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Science gives Pluto its day in the sun

Image: Pluto's edge
NASA’s New Horizons probe captured this backlit image of Pluto as it flew past the dwarf planet on July 14. Scattered sunlight reveals numerous haze layers within Pluto’s thin atmosphere, while the surprisingly diverse surface landscape indicates ongoing geological activity. (Credit: NASA / JHUAPL / SwRI)

The first peer-reviewed scientific paper about the New Horizons probe’s July flyby past Pluto lays out puzzling evidence that suggests the dwarf planet isn’t frozen in time. Rather, its smooth plains, high mountains and nitrogen glaciers are leading the NASA mission’s researchers to suspect that it’s geologically active even now.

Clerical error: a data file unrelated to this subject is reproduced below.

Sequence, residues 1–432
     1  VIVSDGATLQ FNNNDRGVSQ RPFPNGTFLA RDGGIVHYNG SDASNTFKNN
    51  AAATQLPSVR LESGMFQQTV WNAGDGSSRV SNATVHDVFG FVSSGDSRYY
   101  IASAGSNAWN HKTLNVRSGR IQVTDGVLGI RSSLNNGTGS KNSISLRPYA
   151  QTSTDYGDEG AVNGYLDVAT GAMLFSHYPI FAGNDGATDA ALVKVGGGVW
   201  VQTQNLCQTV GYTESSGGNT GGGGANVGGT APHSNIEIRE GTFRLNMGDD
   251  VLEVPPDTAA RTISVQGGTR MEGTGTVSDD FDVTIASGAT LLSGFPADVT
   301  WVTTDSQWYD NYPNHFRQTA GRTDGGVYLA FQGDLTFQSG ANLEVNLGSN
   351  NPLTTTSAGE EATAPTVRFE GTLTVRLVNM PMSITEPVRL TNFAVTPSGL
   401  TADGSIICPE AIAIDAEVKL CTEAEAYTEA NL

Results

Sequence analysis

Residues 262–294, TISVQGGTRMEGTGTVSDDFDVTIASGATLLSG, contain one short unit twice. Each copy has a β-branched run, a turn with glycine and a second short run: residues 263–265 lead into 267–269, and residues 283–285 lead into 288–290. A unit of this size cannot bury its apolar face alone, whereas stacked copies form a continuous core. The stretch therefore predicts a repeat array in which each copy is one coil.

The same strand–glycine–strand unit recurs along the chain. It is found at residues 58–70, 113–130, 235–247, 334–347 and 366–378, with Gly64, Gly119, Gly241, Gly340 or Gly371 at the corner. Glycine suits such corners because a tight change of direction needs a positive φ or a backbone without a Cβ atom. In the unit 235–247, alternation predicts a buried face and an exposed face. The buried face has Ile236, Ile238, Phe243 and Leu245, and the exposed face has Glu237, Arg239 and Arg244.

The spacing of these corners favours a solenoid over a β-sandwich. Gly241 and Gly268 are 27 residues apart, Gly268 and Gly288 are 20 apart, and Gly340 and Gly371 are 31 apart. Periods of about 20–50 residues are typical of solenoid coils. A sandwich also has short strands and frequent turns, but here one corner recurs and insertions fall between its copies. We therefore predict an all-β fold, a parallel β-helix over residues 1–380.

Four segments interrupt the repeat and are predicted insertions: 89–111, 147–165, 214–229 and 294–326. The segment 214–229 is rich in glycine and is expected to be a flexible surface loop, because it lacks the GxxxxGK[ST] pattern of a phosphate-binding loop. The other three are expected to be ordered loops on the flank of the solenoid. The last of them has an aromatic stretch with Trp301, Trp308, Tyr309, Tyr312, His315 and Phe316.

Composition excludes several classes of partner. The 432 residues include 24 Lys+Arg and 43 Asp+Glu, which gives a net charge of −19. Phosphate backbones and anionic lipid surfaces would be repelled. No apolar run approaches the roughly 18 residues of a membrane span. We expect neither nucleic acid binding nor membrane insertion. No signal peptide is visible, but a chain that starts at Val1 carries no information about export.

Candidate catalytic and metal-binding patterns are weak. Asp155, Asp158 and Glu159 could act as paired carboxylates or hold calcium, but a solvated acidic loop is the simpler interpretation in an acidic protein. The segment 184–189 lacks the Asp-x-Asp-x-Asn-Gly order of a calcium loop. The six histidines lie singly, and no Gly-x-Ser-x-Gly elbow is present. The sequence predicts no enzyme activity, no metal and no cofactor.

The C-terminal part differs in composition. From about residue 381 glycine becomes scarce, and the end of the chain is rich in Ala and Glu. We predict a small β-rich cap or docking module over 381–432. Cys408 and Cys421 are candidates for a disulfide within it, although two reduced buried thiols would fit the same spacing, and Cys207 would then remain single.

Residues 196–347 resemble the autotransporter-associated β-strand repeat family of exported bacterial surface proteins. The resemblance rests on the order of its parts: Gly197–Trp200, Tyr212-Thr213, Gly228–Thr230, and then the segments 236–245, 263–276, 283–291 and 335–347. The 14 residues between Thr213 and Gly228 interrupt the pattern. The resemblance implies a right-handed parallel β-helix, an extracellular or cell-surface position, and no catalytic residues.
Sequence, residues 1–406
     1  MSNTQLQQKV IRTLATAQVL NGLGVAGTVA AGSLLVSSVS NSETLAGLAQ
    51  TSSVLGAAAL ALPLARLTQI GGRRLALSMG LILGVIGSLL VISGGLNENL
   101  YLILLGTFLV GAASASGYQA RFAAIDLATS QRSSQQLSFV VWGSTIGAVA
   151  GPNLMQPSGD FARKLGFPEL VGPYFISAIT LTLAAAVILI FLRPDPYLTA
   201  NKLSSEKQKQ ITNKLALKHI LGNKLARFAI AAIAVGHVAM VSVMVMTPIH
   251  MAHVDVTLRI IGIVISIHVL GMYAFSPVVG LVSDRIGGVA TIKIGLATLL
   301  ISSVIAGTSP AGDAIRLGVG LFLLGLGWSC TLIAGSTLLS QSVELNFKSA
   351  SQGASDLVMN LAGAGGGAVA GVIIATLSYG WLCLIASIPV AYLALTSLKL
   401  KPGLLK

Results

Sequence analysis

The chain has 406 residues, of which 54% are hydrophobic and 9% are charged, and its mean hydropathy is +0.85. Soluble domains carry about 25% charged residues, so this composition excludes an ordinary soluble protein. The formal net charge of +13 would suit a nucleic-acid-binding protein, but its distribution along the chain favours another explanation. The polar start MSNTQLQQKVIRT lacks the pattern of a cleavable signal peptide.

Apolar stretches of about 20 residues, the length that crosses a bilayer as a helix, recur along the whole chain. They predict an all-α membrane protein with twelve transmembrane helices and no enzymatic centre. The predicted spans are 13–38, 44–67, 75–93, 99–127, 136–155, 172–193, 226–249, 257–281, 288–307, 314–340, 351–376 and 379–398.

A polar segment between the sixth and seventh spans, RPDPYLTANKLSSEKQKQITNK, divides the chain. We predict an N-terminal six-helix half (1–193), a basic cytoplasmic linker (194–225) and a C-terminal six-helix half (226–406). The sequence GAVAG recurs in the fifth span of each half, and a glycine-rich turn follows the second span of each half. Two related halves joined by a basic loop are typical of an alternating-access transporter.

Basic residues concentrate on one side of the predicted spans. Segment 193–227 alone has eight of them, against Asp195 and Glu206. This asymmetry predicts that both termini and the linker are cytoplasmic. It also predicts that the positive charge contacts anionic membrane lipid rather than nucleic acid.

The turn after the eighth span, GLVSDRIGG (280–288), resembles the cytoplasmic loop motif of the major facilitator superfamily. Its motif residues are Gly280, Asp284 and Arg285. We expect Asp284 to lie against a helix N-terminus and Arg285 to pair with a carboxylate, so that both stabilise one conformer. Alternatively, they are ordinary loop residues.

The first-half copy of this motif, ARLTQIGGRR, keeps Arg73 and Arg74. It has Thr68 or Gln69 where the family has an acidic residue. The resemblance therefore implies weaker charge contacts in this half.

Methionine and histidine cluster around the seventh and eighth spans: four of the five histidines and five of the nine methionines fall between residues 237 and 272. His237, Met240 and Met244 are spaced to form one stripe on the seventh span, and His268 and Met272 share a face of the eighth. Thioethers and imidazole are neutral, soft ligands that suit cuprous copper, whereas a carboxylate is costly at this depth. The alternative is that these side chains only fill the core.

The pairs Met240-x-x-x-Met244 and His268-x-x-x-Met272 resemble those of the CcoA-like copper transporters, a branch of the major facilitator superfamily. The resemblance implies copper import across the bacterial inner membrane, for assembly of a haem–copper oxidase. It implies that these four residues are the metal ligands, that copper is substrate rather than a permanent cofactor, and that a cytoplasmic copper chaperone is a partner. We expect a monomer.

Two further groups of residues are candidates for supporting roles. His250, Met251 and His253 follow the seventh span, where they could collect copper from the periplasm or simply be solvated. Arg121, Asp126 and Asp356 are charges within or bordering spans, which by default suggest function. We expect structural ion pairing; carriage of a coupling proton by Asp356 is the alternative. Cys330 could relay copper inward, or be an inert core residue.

“Pluto’s still got an engine, and it’s still running,” principal investigator Alan Stern of Southwest Research Institute told journalists in advance of the paper’s publication today by the journal Science.

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By Alan Boyle

Mastermind of Cosmic Log, contributing editor at GeekWire, author of "The Case for Pluto: How a Little Planet Made a Big Difference," president of the Council for the Advancement of Science Writing. Check out "About Alan Boyle" for more fun facts.

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